Do You Understand Heel Discomfort?Overview
Heel pain is common and has many causes. Typically, these problems are easily solved by rest or simple exercises. Pain may occur in two places - beneath or under the heel. Inflammation of tissues on the foot?s bottom produces pain beneath the heel. Common causes include bruises, injury to tissue connecting toes and heel bone (referred to as plantar fasciitis), or calcium deposits resulting from extended plantar fasciitis. Under-the-heel pain comes from inflammation where the Achilles tendon meets the heel bone.
Near the inflamed plantar fascia attachment, but not in it, some extra bone may form, producing a small "spur". In fact, it is a shelf of bone, not a sharp spur. These "heel spurs" are commoner in people with plantar fascitis, but they can be found in people with no heel pain. The heel spur is caused by the same process as the heel pain, but the spur is not itself the cause of the pain.
Usually worse with the first few steps in the morning or at the initial point of activity. The latter usually gets better with continued activity (squeaky hinge analogy). Walking, running, sprinting, hill running and jumping will increase the pain. Often, the natural response is to walk on the outside of the foot - in supination - to lessen the stress on the plantar fascia - resulting in new problems.
To arrive at a diagnosis, the foot and ankle surgeon will obtain your medical history and examine your foot. Throughout this process the surgeon rules out all the possible causes for your heel pain other than plantar fasciitis. In addition, diagnostic imaging studies such as x-rays or other imaging modalities may be used to distinguish the different types of heel pain. Sometimes heel spurs are found in patients with plantar fasciitis, but these are rarely a source of pain. When they are present, the condition may be diagnosed as plantar fasciitis/heel spur syndrome.
Non Surgical Treatment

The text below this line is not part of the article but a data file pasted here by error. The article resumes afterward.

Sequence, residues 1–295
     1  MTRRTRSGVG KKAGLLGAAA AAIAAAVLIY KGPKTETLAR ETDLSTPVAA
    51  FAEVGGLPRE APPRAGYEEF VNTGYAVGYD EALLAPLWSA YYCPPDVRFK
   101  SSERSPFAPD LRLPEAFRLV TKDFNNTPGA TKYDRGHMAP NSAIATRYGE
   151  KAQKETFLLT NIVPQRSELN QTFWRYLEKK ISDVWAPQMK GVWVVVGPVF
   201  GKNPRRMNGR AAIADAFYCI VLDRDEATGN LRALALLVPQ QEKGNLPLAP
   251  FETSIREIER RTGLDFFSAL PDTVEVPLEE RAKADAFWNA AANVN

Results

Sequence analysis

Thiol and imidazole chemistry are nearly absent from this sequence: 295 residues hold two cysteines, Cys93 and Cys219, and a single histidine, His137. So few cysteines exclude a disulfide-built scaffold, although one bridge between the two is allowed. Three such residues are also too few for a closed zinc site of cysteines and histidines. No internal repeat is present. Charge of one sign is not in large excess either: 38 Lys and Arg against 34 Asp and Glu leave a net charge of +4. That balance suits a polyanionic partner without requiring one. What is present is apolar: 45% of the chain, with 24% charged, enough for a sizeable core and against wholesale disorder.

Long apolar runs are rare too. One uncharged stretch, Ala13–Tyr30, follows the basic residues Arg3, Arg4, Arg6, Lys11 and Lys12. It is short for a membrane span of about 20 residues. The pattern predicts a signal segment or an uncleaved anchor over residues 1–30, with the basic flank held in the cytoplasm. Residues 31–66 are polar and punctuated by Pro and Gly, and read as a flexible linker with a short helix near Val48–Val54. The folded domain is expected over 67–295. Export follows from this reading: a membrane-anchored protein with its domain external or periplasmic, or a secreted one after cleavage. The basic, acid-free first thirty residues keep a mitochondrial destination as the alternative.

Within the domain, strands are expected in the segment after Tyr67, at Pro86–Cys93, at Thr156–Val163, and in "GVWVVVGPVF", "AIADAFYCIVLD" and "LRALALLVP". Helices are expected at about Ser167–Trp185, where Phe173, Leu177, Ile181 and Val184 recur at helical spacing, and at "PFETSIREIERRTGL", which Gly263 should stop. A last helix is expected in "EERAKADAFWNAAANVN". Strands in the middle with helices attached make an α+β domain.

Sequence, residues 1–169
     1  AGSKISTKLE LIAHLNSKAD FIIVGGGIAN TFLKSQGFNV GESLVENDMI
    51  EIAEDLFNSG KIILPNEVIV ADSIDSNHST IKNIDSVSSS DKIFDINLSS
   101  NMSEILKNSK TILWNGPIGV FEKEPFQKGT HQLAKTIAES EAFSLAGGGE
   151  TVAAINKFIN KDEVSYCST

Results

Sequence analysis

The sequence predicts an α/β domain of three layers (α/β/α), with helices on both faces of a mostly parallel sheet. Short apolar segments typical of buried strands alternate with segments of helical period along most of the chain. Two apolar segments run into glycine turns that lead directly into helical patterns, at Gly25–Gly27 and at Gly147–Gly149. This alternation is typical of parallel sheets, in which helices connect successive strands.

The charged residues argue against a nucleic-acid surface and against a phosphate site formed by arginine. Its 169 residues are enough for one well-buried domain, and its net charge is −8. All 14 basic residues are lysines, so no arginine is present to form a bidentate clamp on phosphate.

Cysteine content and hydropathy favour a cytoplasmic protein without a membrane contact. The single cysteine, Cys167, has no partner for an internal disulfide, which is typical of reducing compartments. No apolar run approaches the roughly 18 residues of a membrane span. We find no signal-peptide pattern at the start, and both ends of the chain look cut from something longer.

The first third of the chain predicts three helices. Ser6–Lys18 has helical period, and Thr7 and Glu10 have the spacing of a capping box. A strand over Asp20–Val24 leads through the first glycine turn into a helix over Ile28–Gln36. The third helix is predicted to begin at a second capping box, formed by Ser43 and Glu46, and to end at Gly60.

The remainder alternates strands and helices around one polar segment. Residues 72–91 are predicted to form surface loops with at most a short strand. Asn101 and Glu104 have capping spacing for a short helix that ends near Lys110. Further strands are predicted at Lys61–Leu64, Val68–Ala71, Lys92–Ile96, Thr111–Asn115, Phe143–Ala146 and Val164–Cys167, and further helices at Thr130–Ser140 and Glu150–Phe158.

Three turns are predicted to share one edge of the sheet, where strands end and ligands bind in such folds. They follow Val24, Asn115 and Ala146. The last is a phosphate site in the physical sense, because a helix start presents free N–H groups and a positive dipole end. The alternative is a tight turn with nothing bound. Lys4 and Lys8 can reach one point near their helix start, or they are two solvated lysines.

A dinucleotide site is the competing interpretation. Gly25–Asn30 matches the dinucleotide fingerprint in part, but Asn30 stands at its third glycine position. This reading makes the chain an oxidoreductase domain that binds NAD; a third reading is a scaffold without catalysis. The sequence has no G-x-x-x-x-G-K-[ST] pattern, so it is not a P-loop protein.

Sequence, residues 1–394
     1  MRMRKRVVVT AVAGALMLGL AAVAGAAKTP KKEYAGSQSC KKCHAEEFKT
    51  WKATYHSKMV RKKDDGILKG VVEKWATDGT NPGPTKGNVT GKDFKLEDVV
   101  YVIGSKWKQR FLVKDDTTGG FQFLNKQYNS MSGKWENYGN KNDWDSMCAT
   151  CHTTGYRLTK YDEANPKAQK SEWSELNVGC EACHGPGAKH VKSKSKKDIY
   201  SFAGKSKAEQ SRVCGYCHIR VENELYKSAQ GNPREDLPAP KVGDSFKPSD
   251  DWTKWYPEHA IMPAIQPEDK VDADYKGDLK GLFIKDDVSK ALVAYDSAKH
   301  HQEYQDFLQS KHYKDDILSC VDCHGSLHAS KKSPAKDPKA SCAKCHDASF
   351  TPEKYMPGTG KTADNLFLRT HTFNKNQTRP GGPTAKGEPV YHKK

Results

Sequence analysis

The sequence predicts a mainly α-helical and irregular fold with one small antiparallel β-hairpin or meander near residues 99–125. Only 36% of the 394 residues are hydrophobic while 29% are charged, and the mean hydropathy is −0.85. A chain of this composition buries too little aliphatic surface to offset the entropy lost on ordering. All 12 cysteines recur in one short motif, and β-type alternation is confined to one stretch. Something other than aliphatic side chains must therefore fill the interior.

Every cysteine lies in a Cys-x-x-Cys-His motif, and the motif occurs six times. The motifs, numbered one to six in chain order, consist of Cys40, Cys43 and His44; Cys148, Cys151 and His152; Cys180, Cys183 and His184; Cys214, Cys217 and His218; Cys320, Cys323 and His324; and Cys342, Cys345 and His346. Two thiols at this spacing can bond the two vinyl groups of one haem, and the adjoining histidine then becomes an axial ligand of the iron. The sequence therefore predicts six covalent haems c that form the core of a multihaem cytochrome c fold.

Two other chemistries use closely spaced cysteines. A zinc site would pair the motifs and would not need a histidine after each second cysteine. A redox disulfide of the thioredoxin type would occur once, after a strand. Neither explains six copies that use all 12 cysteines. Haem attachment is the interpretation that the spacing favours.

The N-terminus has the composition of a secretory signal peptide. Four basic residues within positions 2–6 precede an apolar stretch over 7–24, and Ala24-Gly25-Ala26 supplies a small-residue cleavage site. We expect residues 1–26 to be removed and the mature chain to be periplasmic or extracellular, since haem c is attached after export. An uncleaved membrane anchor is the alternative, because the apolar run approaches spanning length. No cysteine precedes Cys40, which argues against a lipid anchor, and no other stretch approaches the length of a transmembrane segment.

Treatment of plantar fasciitis is usually performed in stages according to the duration and degree of pain. Treatment may take many months if the condition has been longstanding. Treatment usually begins with anti-inflammatory medication, shoe modification, temporary limitation of activities, weight loss and heel cord stretching. Also, night splints are often helpful to stretch the plantar fascia. An arch support (orthotic) may also be helpful, especially if you have a flat foot. If the problem continues, the tender area occasionally may be injected with cortisone and a local anesthetic. For a difficult, chronic problem, a period of casting may be used to improve this condition. Surgical treatment is rarely needed. If performed, it aims to partially release the plantar fascia and stimulate healing of the chronic inflammation. Removal of a heel spur, if it is large, may also be done at the time of surgery.
When a diagnosis of plantar fasciitis is made early, most patients respond to conservative treatment and don?t require surgical intervention. Often, when there is a secondary diagnosis contributing to your pain, such as an entrapped nerve, and you are non-responsive to conservative care, surgery may be considered. Dr. Talarico will discuss all options and which approach would be the most beneficial for your condition.
back of heel cushions
Wearing real good, supportive shoes are a great way to avoid heel pain. Usually, New Balance is a good shoe to wear, just for everyday shoe gear. By wearing proper footwear and performing thorough stretches, athletes can help prevent frequent heel pain. If you are starting to get a little discomfort or pain in the feet or heel, know that pain is not normal. So if you are having pain, you should be proactive and visit our office. If you let heel pain get out of control you could run into several other problems. It is always suggested to visit a podiatrist whenever you are experiencing pain.